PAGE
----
When Time Magazine named this “The best fiction book of 2012,” much was made of the fact that it was published as a Young Adult novel which would make it a first for Time’s prestigious award. The fact that this is an outstanding bit of writing—regardless of the genre—supports the theory that good writing is ageless (just reread Where the Wild Things Are or Tale of Peter Rabbit to see my point).
John Green has become something of a “rock star” among young readers due to his bestselling books and his wildly popular social media presence. With The Fault in Our Stars, however, he has written a novel that touches on such universal truths and emotions that anyone any age and any gender can, not only relate, but come away with the knowledge that they are enriched in a lasting way.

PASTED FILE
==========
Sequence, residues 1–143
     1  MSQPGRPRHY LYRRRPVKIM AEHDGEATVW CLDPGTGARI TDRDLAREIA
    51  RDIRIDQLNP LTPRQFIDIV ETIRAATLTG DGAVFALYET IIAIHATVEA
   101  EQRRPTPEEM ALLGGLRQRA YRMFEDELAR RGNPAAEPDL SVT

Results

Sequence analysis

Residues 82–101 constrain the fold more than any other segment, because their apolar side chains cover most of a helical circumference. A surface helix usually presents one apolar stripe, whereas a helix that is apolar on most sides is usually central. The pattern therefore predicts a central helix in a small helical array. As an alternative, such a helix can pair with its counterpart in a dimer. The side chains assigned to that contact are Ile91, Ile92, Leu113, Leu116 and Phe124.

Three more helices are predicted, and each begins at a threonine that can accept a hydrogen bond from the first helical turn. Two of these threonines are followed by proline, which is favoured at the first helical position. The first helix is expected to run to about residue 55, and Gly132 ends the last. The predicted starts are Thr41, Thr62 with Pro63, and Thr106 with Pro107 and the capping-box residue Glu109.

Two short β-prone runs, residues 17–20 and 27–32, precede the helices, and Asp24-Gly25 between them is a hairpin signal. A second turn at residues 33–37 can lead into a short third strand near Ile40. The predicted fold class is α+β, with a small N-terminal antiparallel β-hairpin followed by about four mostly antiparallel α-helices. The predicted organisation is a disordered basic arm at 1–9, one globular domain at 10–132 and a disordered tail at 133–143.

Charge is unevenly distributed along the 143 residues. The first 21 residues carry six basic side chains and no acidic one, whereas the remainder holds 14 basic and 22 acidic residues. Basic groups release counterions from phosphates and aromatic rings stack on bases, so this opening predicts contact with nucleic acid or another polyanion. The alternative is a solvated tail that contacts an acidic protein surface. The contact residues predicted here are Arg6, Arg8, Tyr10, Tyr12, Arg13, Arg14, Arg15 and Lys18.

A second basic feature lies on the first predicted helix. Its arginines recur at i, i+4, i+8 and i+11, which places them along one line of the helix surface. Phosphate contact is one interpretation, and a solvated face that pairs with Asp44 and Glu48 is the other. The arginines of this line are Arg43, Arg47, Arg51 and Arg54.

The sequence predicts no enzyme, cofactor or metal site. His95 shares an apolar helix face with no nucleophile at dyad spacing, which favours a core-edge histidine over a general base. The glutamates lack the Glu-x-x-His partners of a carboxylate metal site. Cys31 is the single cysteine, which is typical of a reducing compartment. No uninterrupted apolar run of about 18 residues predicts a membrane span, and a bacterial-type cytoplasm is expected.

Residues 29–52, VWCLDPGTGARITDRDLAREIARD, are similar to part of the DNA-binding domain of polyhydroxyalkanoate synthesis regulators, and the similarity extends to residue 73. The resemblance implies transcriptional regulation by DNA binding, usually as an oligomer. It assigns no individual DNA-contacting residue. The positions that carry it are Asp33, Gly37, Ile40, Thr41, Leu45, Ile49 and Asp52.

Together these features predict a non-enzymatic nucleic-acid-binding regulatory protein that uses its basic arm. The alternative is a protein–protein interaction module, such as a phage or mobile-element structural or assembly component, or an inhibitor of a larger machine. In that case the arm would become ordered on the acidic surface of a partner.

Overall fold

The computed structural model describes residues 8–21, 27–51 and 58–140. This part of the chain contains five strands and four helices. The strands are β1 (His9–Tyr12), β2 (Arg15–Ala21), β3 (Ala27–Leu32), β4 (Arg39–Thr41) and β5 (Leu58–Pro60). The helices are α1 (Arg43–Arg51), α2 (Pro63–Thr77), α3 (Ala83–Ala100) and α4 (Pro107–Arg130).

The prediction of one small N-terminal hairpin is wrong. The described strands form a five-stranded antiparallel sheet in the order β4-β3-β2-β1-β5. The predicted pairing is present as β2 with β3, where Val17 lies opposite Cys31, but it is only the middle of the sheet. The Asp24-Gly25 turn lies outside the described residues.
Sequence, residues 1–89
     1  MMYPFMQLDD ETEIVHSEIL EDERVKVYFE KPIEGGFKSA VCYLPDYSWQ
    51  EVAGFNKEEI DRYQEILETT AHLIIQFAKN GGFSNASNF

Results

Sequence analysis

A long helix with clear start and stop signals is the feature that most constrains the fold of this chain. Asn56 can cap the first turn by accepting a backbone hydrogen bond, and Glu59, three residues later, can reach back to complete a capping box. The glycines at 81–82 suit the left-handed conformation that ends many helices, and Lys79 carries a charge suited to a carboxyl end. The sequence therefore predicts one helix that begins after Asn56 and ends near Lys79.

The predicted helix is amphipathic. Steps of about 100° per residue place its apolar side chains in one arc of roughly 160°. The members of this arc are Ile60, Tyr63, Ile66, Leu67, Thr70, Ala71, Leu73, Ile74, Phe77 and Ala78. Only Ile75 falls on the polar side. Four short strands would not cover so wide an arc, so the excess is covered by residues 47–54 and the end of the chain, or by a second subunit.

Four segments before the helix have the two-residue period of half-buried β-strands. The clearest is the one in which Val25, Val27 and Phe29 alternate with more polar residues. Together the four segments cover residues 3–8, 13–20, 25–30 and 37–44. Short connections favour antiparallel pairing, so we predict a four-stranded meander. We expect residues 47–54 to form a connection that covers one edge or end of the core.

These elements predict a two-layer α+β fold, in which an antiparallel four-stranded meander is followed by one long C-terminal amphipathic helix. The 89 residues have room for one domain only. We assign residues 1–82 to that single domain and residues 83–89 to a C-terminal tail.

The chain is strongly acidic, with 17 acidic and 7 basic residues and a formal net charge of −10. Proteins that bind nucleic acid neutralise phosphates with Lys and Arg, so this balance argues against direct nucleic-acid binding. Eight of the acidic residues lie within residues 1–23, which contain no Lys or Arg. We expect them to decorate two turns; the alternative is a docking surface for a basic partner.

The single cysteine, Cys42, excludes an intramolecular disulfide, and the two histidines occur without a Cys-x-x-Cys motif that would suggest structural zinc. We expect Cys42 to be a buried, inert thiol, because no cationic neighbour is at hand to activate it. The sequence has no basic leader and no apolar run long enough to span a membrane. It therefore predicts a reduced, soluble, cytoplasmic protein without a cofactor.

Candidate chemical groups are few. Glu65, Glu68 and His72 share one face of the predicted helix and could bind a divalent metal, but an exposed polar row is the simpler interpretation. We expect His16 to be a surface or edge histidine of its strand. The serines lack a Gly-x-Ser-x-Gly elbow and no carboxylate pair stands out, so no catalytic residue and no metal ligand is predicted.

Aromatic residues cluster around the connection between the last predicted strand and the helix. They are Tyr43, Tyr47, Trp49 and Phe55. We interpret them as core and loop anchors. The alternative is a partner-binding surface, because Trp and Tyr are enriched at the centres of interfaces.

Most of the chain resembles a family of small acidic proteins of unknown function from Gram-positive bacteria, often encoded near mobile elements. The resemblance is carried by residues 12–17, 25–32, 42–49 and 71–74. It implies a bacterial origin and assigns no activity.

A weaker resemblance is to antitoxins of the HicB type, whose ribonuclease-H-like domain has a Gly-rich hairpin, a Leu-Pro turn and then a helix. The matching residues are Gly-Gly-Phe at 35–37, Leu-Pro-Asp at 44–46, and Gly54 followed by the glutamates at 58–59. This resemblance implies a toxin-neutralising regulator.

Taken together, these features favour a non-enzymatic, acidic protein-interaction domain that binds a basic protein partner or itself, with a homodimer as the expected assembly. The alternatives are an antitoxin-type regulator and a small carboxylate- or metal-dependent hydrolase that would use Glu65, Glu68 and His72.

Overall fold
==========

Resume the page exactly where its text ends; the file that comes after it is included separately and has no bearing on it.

Part of the reason for this is the story itself: two teens meet in a cancer support group and give each other what is needed to traverse the “rough waters” of terminal cancer. So how can such a tale be hopeful, uplifting, even joyous? It’s due to the beauty of John Green’s writing and the voices he gives his main characters, Hazel and Augustus. Maybe it’s their medical prognosis, but these two speak the truth, holding nothing back, and the reader revels in the strength of their spirits. At once, humorous, tender, poignant, tough and ultimately uplifting, The Fault in Our Stars is a book not easily forgotten.